At long last, midterm elections are over. Now pundits will muse about what the outcome means for the stock market–as if knowing where the market is headed is that simple.
Instead of guessing where stocks are going next, we suggest investors focus on finding companies with competitive advantages–companies with moats–and buy them when they’re trading at a discount to what they’re worth. Then, hold on until they reach fair value.
In an effort to uncover opportunities, we often look to some of our favorite mutual fund managers for insight. Specifically, we peek into the latest portfolios of those managers whose funds earn Morningstar fund Analyst Ratings of Bronze or better. After all, the funds have earned those ratings because their managers have clearly articulated strategies that have met with success over a full market cycle. Why not pick their brains for stock ideas?
The team at Gold-rated Dodge & Cox Stock (DODGX) favors firms that are cheap on a range of valuation measures and uses bottom-up fundamental research to find companies with good management, competitive advantages, and solid growth. Last quarter, they took a new position in CVS Health (CVS), which runs the largest pharmacy benefit manager and retail pharmacy chain in the United States. (Notably as we mentioned last month, Oakmark (OAKMX) also picked up CVS last quarter.)
They explain in their latest commentary:
“Concerns about pricing pressures and potential competitive threats from Amazon (AMZN) have lowered CVS Health’s valuation to a 20-year low. However, we believe that CVS Health’s valuation–approximately 11 times forward earnings–does not reflect the strength of its franchise. The company holds the number-one position in each of its five primary business lines: PBM; specialty pharmacy; retail/mail pharmacy; Medicare prescription drug plan; and, long-term care. In addition, over the past five years, CVS Health’s shareholder-friendly management team has improved return on invested capital, generated robust free cash flow, and gained significant market share. The company acquired Caremark (a PBM) in 2006 and successfully transitioned Caremark’s prescription script volume into CVS stores. CVS Health now plans to move into managed care with its pending acquisition of Aetna (the third-largest managed care company in the United States), which is expected to close by the end of 2018.”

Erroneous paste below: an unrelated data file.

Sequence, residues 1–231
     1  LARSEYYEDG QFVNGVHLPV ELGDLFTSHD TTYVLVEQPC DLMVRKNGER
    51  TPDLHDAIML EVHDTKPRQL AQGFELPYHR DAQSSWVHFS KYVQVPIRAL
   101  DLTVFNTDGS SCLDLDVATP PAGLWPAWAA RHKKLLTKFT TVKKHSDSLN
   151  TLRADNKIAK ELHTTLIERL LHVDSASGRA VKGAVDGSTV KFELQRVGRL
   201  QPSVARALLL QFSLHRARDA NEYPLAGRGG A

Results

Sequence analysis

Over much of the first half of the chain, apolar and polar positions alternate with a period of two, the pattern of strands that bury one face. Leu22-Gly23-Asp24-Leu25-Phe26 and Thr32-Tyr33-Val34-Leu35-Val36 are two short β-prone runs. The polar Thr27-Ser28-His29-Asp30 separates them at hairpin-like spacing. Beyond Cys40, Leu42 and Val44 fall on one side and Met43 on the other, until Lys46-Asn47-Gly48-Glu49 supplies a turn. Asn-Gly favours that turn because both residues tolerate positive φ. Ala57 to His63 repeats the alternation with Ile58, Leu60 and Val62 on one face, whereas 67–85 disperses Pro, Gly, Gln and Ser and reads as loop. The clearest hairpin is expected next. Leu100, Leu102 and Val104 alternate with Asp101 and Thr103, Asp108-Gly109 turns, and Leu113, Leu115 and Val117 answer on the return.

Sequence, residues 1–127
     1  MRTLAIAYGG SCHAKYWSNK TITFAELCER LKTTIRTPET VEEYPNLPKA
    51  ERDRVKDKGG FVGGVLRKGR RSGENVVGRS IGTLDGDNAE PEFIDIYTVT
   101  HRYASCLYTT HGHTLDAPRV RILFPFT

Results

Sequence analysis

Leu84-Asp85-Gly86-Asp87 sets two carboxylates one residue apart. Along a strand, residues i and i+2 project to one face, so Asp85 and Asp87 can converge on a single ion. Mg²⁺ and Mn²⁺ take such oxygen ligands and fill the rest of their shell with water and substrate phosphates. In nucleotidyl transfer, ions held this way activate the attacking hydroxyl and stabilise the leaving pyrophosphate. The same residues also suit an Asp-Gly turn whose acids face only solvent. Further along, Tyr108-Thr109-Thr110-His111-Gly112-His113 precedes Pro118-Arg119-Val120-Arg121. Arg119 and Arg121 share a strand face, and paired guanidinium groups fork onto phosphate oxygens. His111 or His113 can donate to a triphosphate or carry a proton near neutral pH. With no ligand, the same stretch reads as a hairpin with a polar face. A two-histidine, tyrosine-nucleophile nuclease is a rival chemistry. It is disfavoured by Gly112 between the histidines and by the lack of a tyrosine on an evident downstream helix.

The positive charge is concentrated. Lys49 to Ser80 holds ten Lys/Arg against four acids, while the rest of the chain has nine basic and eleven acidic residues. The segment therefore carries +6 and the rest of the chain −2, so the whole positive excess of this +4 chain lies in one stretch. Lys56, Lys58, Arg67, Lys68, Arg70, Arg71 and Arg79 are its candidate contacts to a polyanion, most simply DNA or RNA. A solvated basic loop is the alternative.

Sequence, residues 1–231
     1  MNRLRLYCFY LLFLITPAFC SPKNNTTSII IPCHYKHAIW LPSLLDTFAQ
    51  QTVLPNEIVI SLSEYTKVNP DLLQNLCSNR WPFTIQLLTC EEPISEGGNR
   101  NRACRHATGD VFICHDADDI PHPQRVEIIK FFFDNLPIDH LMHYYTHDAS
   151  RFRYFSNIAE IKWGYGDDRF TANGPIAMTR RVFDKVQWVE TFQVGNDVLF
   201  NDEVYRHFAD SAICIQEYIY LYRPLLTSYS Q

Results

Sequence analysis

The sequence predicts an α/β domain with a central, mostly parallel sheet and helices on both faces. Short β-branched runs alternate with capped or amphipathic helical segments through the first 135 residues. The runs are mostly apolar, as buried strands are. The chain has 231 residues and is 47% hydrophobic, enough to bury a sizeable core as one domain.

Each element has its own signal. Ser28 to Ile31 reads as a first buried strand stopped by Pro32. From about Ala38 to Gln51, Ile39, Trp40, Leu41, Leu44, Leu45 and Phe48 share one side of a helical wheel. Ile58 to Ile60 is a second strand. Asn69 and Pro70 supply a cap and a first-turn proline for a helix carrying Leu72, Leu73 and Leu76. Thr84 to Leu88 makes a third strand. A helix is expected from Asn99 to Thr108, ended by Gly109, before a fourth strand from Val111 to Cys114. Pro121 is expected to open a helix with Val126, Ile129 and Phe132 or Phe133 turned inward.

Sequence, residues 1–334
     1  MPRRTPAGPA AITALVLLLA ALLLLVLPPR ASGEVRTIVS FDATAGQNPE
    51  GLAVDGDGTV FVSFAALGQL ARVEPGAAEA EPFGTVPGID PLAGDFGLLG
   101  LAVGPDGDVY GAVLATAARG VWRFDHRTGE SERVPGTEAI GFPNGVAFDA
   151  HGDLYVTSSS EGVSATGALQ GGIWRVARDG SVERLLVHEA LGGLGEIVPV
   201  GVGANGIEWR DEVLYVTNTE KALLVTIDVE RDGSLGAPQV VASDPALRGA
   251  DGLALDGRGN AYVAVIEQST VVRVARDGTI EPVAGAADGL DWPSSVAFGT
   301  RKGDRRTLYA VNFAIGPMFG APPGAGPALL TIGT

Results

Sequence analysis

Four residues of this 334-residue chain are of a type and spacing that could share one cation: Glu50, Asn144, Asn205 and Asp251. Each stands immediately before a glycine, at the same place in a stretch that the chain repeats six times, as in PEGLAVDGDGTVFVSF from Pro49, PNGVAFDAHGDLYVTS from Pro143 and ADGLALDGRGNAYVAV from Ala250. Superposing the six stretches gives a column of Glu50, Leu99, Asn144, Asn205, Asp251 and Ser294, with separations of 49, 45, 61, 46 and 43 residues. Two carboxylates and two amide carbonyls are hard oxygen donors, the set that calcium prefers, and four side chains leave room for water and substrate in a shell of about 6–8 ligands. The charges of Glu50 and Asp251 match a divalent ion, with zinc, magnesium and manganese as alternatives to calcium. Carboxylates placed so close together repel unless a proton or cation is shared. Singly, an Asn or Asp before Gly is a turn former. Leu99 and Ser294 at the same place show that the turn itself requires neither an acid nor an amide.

Morningstar awards CVS a narrow moat rating with a positive moat trend.
“The firm has positioned itself as a major player within the U.S. healthcare ecosystem by building itself into a top-tier pharmacy benefit manager and one of the largest U.S. pharmacy retailers,” says senior analyst Vishnu Lekraj. Morningstar thinks the Aetna merger is a positive from an operational standpoint, and expects the unified CVS/Aetna to be a healthcare juggernaut: It’ll be able to sell insurance and manage members through every aspect of their treatment regiments, Lekraj adds. Shares are trading in 4-star range, suggesting that they’re undervalued by Morningstar’s metrics.
Manager Michael Keller, who leads Silver-rated BBH Core Select (BBTEX), pursues a disciplined approach targeting profitable cash generators with strong balance sheets that trade at least 25% below their estimated intrinsic value. He picked up shares of Dollar General (DG) in July, noting in the fund’s latest commentary that the discount retailer had been on the fund’s “wish list” for a while, thanks to its attractive financial performance and high-quality management team.
“While the U.S. retail industry–including food and staples retail–is undergoing important structural shifts, we believe Dollar General can effectively leverage its size, scale and focus on the rural consumer not only to compete effectively, but also sustain its leadership position in a changing landscape,” he explains. Shopping alternatives in the communities in which Dollar General operates tend to be sub-scale grocers or convenience stores that have higher like-for-like pricing, he adds, and consumers may have to travel significant distances to visit large retailers that offer similar value to Dollar General. Moreover, Keller likes Dollar General’s economic resiliency.